Global demand for wheat is up, and with low supply due to weather-damaged crops in the United States and Europe, prices for the grain have been pushed upward. This situation has amplified tensions in the volatile Middle East and put a strain on governments that must import grains - in particular, wheat - to feed their people. Nations who export grains, such as the United States, reap benefits from the increasing call for wheat and the current higher prices, The Wall Street Journal stated.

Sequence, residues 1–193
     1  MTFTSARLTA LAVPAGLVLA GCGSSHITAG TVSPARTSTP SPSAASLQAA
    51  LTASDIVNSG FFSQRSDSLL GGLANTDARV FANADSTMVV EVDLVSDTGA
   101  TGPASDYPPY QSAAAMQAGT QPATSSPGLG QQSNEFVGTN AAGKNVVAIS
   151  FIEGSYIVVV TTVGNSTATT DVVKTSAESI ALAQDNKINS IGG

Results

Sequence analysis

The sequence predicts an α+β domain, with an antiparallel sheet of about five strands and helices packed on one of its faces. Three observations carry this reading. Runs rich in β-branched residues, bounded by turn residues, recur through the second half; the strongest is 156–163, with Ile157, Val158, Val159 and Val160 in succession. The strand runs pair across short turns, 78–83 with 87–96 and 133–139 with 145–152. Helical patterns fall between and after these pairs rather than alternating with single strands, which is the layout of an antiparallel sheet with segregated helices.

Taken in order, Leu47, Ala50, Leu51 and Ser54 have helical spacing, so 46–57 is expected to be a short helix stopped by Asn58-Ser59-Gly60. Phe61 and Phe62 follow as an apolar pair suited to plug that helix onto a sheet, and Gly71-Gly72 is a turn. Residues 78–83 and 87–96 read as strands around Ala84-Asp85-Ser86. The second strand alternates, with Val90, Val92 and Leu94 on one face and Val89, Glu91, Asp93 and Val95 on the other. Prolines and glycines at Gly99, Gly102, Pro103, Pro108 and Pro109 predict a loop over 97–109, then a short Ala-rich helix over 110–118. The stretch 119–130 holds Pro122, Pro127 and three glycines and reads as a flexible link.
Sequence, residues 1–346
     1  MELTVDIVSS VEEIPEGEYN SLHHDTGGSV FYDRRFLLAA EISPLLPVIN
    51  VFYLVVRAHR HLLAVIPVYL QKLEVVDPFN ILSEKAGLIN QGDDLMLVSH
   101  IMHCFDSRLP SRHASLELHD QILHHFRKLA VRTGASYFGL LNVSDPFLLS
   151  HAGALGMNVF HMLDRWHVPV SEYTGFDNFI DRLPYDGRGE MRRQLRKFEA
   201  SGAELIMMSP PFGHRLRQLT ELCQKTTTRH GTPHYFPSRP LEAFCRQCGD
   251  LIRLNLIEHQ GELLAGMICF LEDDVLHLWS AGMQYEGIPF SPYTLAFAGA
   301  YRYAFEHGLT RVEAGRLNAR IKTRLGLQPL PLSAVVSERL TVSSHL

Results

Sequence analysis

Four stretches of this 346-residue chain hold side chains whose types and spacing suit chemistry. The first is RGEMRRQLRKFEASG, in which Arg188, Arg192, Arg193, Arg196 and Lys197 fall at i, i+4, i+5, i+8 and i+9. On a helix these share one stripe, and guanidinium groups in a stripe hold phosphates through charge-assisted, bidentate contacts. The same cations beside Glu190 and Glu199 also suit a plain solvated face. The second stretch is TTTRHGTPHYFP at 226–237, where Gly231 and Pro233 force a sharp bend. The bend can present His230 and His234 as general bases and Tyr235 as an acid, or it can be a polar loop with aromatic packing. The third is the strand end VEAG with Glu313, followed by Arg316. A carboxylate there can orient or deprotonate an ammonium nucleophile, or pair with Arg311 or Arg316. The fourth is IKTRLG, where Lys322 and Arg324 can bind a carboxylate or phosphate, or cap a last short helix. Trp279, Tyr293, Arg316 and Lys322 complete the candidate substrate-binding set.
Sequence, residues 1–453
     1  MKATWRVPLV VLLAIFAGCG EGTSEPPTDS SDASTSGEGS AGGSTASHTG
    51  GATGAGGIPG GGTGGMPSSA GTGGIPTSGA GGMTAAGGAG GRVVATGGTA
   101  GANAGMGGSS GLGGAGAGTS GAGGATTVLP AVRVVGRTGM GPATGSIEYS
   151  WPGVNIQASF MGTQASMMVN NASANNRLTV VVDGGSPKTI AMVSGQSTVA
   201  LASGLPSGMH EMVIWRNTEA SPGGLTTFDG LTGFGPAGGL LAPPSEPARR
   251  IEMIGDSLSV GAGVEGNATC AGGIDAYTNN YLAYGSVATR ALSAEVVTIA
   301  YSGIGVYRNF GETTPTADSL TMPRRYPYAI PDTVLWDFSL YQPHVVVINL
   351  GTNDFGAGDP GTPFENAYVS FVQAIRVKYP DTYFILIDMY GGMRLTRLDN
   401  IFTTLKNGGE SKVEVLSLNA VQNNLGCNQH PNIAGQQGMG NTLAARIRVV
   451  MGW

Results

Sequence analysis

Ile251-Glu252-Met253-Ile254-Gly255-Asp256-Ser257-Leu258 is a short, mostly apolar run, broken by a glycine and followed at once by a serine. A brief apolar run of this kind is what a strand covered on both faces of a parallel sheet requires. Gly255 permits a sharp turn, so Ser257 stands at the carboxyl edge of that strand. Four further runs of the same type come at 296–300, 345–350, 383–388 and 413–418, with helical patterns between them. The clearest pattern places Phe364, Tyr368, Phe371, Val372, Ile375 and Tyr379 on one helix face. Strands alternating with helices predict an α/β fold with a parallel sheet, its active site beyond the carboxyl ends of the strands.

Tunisians are feeling the effects of the expensive wheat market more than most, because they consume the most wheat per capita in the world - at 478 pounds per person per year. According to the same UN study, Americans eat an average of 177 pounds per person annually, the news source reports. Wheat futures on the Chicago Board of Trade were up the most in intra-day trading in seven months, increasing 7 percent, or 53 cents, Wednesday.
With prices for farming produce at record levels, grain-growers may purchase more agricultural equipment to bridge the world supply gap. As the leading producer of such machinery, John Deere supplies the world's farmers with harvesting equipment.